The Circular Economy and its future implications

The circular economy is restorative and regenerative by design, where today’s products are tomorrow’s raw materials. It is based on the principles of designing out waste and pollution, keeping products and materials in use, and regenerating natural systems.

Currently, our world economy is only 9.1 percent circular, leading to a massive circularity gap. To move from a linear to a circular economy, we must transform all the elements of the take-make-waste system, focusing on managing resources, how we make and use products, and what we do with them afterwards.  

Since industrial revolution we have been extracting resources from the earth to make products, which we consume, and when we no longer need them, throw away. This is called the linear economy or the “Take-make-waste” approach. The disposition of the linear economy towards wasting valuable goods is a severe problem as the planet’s resources are finite but our needs seem infinite.  Without a change, by 2050, the world’s consumption level would necessitate the resources of 3 planet Earths. This urgently calls for switching to a circular economy to ensure that we have enough raw materials for food, shelter and clothing in the future.

Benefits of a circular economy  

The debate on whether industries can increase their profitability while reducing their dependence on natural resources has been going on for decades. While economic growth has raised people's living standards, it has inevitably generated massive consumer and industrial waste, scaling linear pollution. In light of this, the circular economy has received significant traction from businesses and government leaders alike.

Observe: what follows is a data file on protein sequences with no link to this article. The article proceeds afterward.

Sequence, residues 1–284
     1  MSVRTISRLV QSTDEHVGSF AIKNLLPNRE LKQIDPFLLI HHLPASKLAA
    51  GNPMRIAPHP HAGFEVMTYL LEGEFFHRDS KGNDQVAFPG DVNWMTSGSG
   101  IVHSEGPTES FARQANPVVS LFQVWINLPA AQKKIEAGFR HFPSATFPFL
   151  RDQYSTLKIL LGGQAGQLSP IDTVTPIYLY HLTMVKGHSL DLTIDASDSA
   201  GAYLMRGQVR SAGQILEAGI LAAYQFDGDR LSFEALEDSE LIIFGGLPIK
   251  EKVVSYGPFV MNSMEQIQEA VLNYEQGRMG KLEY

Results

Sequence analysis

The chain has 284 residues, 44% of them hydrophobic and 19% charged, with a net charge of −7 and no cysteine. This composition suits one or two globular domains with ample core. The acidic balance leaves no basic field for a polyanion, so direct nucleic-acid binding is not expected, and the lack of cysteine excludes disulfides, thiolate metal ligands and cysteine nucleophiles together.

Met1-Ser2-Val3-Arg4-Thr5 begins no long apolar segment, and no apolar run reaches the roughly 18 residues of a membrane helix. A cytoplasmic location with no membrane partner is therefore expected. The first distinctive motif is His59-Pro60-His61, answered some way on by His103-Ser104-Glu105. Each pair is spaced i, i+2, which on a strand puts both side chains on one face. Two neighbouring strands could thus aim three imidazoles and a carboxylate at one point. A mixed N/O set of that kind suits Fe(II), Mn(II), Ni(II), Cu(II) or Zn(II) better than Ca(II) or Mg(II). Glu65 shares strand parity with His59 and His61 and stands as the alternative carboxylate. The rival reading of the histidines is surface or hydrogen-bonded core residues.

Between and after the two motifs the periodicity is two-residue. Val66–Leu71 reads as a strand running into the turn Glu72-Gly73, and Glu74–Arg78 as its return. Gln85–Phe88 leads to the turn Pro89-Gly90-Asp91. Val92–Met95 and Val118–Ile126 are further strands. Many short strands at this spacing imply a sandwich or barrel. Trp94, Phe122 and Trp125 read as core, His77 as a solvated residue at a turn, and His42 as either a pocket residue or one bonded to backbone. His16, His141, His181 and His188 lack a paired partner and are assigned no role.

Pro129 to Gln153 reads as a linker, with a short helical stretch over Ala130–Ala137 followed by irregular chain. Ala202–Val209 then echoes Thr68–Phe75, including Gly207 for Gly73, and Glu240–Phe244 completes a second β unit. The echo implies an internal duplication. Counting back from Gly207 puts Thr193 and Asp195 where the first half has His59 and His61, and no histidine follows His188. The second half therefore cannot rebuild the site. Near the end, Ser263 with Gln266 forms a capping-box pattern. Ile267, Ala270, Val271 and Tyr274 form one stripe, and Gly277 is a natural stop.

In 2012, the EU adopted the Circular Economy Act (Kreislaufwirtschaftsgesetz) to build are source-efficient Europe. The reform of the legislation adopted by the Federal Cabinet on 12 February 2020 goes much further, feeding into the EU’s industrial strategy to ensure that products placed on the market are designed for sustainability, easier to reuse, repair and recycle . As businesses and governments aim to decouple economic growth from virgin resource inputs and encourage innovation, transitioning into a circular economy is bound to make a positive impact that will be felt across societies.  

1. Macro economic Growth: A combination of increased revenues from emerging circular activities and a low cost of production will lead to economic growth. As per the European Commission, more efficient use of raw materials and resources throughout the supply chain materials could reduce the need for new raw materials by 17% -24% by 2030.

2. Job creation: The impact of the circular economy on employment is primarily due to increased spending fueled by lower prices, labor-intensive  recycling activities and higher-skilled remanufacturing jobs. With substantial savings on the cost of inputs, the European GDP could grow by about3.9%, creating millions of new jobs.

3. Innovation: As the focus shifts on manufacturing products of a longer life cycle with a sustainable design, the creative opportunity increases. Replacing linear products with circular ones will lead to an innovative economy with higher technological development and profit opportunities for companies.